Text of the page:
law of contiguity


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law of con·ti·gu·i·ty

when two ideas or psychologically perceived events have once occurred in close association they are likely to recur, the subsequent recurrence of one tending to elicit the other; this law figures prominently in modern theories of conditioning and learning.

law of con·ti·gu·i·ty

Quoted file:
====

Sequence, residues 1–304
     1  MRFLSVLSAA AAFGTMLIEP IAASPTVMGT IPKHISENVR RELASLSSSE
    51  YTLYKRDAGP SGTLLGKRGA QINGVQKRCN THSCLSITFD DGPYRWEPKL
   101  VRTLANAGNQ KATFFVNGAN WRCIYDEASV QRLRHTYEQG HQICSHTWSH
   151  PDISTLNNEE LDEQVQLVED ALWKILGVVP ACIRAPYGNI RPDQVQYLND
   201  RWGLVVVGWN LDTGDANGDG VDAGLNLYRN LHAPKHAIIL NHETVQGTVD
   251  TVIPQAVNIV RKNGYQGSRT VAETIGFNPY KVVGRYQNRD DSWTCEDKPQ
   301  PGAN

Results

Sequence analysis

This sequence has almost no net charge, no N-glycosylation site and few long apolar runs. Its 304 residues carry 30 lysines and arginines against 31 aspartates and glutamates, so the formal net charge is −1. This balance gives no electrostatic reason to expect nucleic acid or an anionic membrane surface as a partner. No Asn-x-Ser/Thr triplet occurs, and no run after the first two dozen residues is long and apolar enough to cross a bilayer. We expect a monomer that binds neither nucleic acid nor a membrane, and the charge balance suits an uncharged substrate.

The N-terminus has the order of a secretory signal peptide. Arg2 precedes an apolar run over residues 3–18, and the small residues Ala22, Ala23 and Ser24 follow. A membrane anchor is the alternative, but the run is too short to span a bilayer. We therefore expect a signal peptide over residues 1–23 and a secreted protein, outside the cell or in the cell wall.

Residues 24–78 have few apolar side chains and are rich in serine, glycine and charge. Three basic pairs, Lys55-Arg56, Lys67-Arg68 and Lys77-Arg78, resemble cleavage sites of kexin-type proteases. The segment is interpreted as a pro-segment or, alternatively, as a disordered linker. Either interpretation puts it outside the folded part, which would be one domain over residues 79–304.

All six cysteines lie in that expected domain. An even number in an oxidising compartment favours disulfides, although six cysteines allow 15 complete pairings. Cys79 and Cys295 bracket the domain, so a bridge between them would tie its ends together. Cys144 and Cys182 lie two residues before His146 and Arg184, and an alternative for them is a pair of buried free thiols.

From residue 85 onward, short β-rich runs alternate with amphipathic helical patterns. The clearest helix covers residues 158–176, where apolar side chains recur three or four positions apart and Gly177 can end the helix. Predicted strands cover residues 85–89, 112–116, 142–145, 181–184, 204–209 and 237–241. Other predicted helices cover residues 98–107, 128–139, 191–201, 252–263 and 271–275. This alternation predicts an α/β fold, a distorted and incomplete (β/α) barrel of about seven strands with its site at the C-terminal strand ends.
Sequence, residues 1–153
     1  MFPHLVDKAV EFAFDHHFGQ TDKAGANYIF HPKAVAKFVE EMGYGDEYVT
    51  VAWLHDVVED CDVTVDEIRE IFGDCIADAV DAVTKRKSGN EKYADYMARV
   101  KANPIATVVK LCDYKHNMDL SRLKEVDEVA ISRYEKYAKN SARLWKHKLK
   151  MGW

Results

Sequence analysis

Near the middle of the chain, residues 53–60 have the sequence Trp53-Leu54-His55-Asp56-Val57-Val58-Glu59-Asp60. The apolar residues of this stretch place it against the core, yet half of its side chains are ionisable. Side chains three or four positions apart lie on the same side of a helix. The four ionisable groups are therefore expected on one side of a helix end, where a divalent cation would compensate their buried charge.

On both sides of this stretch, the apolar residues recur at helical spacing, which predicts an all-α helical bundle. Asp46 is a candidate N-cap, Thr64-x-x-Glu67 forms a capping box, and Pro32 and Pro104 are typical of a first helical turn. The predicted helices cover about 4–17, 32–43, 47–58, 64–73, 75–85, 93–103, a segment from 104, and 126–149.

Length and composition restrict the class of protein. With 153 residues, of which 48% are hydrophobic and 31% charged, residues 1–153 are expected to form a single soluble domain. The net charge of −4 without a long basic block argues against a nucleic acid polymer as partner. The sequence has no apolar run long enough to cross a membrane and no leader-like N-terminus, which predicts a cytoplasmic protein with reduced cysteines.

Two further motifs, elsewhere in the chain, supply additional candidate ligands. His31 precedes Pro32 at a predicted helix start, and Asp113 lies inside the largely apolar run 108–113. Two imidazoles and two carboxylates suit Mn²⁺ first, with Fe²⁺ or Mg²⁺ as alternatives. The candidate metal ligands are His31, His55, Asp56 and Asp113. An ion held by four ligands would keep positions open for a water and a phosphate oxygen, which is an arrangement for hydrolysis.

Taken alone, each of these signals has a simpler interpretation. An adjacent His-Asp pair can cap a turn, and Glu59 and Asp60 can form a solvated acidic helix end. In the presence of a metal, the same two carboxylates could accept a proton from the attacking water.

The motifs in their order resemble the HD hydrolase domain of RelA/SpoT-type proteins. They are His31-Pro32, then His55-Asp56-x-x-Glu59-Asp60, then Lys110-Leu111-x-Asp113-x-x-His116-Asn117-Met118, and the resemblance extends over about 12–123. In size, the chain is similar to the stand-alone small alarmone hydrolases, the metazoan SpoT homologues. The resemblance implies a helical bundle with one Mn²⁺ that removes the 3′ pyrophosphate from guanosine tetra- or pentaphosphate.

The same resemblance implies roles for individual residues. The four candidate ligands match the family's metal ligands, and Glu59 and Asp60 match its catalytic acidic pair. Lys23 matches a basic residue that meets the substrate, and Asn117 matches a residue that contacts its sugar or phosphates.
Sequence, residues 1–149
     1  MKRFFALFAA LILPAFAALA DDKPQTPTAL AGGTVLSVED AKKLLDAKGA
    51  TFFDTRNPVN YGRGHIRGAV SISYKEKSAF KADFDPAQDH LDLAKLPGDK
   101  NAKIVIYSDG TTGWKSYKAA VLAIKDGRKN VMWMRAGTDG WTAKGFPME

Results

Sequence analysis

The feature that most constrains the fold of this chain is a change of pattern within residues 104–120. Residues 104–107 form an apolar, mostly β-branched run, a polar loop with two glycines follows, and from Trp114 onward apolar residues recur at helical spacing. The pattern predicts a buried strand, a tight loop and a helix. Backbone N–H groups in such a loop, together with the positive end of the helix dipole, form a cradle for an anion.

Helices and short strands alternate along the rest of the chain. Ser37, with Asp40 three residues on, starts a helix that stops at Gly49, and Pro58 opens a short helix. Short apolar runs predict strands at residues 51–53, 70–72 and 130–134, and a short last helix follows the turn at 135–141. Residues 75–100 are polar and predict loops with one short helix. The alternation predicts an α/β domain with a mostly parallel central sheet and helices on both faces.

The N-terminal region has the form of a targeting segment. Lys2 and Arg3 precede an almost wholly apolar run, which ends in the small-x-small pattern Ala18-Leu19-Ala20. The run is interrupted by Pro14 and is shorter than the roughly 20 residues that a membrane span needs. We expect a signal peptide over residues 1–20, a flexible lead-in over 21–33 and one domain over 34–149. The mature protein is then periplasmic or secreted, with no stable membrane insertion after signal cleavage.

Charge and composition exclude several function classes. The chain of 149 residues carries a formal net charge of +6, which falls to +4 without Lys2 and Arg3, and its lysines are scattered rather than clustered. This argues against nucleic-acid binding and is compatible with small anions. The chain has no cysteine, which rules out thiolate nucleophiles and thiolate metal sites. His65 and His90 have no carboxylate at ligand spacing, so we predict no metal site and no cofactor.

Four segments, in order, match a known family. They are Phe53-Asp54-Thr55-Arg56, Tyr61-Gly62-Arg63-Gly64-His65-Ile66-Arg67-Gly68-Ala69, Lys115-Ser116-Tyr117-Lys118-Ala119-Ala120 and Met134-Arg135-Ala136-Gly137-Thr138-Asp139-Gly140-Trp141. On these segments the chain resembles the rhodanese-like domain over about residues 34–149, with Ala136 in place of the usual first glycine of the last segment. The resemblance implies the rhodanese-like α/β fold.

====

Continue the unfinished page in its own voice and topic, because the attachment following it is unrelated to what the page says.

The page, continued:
(law kon'ti-gyū'i-tē)
When two ideas or psychologically perceived events have once occurred in close association they are likely to so occur again, the subsequent occurrence of one tending to elicit the other; this law figures prominently in modern theories of conditioning and learning.

law of contiguity

1. A law stating that if two ideas occur together, then the recollection of one will likely stimulate recall of the other.
2. A law stating that if combined stimuli precede contraction of a muscle, then, when those stimuli are repeated, the muscle will contract again.
See also: law
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